Yeah, that would not necessarily apply as far as that goes, but definitely a whole different conversation there. But on the same note with the Augusta rule, and this is not I admit we didn’t come up with this plan here, but there’s nothing in the Augusta rule that says you can’t rent to a business and that business necessarily can’t be your business. It has to be a separate S corporation. So, you can’t do it to an LLC. But even renting it to say your S corporation for legitimate business purposes. So, let’s say, for example, you filmed, say, a YouTube video, maybe something like this for. Maybe next YouTube video you did this in your home or you had the next Christmas party say it in your home and you rented out your home. I’m not necessarily encouraging you to rent your home out for the Christmas party, but let’s say you did that. You could invoice your business as far as for that is concerned, and then you could do that for up to the 14 days. Now keep it under 14 days because if you do it 15 days now you have to claim all 15 days. But if you keep it under that now you have to invoice the business, has to invoice you and you have to now send yourself a 1099, the whole nine yards potentially doing this the right way. You could then not have to claim any income taxes on that money.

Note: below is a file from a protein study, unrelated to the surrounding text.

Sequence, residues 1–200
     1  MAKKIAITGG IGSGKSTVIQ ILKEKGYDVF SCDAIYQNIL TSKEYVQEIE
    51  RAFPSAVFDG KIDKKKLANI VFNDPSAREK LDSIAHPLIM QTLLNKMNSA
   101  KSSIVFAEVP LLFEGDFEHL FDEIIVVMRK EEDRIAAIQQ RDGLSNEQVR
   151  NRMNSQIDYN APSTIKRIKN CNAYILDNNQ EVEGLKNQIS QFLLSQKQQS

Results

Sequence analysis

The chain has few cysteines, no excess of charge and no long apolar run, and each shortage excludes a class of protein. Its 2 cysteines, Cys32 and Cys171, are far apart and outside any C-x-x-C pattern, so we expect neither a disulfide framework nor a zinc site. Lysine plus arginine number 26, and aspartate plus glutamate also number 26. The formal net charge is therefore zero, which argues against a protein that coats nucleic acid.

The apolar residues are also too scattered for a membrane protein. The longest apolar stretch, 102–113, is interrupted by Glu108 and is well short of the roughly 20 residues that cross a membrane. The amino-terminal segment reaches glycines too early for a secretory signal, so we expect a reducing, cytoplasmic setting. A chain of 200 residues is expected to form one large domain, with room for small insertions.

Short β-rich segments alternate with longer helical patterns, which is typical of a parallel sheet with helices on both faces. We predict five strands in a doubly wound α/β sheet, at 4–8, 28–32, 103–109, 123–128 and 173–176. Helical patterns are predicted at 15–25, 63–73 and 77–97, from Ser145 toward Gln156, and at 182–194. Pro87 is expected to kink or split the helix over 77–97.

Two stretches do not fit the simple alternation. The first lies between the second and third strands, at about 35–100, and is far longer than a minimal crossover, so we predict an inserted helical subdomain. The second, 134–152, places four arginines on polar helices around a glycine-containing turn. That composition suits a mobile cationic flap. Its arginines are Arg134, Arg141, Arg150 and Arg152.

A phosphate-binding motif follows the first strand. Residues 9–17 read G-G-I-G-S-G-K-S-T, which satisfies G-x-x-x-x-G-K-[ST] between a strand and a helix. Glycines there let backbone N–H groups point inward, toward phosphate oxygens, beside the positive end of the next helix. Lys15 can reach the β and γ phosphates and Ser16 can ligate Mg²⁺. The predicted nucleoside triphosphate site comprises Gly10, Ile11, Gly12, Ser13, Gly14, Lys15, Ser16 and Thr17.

Cort:

The Augusta rule, remember it everyone.

Shawn:

You have to look it up. There’s lots of videos out there on that one for sure. But the great way to show you how to obviously minimize your taxes on that as well.

Cort:

Fantastic. So, what else do this audience that’s kind of trying to figure out, you know, taxes and changes and you know, how to prepare and position themselves, what other kind of tips do you have for them? Things they should be aware of for 2023, now?

Shawn: